LITTLE ROCK, Ark. (Arkansas Business) -- The Dow closes up for the eighth time in nine tries.
The Dow closed up half a percent to 13-7-12. The Nasdaq up eight to 31-43 while the S&P kept its pace in making gains, finishing up at 14-92 and a half.
Positive earnings reports kept the market moving.
Shares of Verizon on the rise, after announcing yesterday that it activated a record number of new mobile phones -- 63 percent of them from Apple -- in the past quarter.
Verizon, a major employer in this market after its 2008 purchase of Alltel, closed up 40 cents to $42.94.
And speaking of Alltel, the final pieces of that brand selling in a major transaction announced on Tursday.
Atlantic Tele-Network Of Massachusetts said it is selling its domestic wireless business -- operated by Allied Wireless Communications Group of Little Rock -- to AT&T in an all-cash deal worth $780 million.
Allied Wireless was formed from divested Alltel assets after Alltel sold to Verizon for $28 billion in 2008. The company has more than half a million customers in mostly rural areas.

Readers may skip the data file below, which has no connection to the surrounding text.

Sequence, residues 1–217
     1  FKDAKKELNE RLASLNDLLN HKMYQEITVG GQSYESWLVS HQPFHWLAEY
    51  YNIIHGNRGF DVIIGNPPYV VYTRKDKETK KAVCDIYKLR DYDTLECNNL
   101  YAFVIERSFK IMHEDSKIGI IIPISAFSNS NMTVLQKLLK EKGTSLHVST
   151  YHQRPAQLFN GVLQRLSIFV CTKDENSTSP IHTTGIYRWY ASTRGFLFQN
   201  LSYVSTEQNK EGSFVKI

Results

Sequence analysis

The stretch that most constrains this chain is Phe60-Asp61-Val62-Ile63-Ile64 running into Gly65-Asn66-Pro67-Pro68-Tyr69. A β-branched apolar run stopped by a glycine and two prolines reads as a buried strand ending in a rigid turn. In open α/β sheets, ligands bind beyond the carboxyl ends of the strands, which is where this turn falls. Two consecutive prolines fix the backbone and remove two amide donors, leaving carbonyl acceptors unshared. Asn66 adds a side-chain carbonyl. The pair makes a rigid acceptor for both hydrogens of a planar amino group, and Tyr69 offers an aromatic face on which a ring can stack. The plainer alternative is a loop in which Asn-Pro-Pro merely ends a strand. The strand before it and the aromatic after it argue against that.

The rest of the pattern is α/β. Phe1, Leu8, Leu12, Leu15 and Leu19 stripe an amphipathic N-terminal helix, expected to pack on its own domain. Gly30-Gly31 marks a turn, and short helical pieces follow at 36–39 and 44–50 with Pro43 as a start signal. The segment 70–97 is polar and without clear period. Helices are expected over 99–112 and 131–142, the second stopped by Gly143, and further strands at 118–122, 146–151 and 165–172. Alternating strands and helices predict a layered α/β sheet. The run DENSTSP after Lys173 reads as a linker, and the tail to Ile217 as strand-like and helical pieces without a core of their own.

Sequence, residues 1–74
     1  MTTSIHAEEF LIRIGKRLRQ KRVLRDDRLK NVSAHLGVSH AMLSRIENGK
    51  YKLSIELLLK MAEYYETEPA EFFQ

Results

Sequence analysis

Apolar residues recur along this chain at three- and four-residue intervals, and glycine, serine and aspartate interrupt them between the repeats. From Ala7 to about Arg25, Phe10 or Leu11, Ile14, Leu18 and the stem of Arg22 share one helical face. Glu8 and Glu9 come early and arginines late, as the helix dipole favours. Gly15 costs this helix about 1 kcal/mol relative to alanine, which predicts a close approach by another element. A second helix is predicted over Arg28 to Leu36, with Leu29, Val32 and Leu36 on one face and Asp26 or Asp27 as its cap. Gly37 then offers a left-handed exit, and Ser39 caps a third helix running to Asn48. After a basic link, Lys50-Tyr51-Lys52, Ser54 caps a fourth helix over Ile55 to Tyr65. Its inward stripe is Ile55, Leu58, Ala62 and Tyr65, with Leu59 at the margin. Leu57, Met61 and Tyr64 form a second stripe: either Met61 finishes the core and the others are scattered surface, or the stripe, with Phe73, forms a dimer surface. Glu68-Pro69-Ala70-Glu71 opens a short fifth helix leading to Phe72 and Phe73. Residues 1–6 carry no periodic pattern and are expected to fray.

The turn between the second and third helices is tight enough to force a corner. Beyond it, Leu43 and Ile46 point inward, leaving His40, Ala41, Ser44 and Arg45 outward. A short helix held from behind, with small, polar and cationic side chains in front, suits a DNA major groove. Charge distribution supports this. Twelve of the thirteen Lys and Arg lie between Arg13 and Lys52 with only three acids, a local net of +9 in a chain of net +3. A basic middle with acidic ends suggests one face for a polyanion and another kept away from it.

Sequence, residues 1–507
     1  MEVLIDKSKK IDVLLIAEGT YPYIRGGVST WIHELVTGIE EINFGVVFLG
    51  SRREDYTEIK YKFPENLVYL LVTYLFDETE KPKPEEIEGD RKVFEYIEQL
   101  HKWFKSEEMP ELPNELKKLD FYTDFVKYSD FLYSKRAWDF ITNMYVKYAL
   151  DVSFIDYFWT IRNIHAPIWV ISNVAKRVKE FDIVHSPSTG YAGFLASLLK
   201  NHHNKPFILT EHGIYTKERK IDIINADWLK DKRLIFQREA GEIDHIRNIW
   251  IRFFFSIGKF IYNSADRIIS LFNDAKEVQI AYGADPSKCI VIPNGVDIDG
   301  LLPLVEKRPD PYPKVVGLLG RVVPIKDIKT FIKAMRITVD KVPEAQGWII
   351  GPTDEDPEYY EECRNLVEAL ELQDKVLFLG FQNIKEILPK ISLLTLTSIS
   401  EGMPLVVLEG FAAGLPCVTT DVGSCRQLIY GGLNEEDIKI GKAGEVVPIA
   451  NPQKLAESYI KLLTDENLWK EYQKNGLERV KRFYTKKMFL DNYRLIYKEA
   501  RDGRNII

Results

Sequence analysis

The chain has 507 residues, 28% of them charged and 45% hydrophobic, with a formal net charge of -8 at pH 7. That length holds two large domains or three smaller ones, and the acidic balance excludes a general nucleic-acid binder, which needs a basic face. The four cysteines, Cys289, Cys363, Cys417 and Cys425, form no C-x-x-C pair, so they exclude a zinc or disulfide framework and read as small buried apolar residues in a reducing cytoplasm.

The deal, subject to regulatory approval, is expected to close in second half of 2013.
It remain unclear what the deal would mean for Allied Wireless's Little Rock headquarters. Atlantic Tele-Network did not discuss Little Rock in a 9 a.m. conference call with investors, and local officials would not comment.
Allied has at least 200 workers at its headquarters in west Little Rock.
Also, Wal-Mart Stores putting the word out to its global suppliers that they'll lose their business with the world's largest retailer if any work is subcontracted to unauthorized factories.
The move comes after calls for better safety policies following a Bangladesh factory fire that killed 112 workers last November.
Though products being made at that factory were to be sold at Wal-Mart, but Wal-Mart said it had not given the contractor permission to use that factory.
Walmart also adding a rule requiring that all subcontractors have an employee on the ground in any country they do business in, rather than rely on third-party representatives.
(Source: Arkansas Business)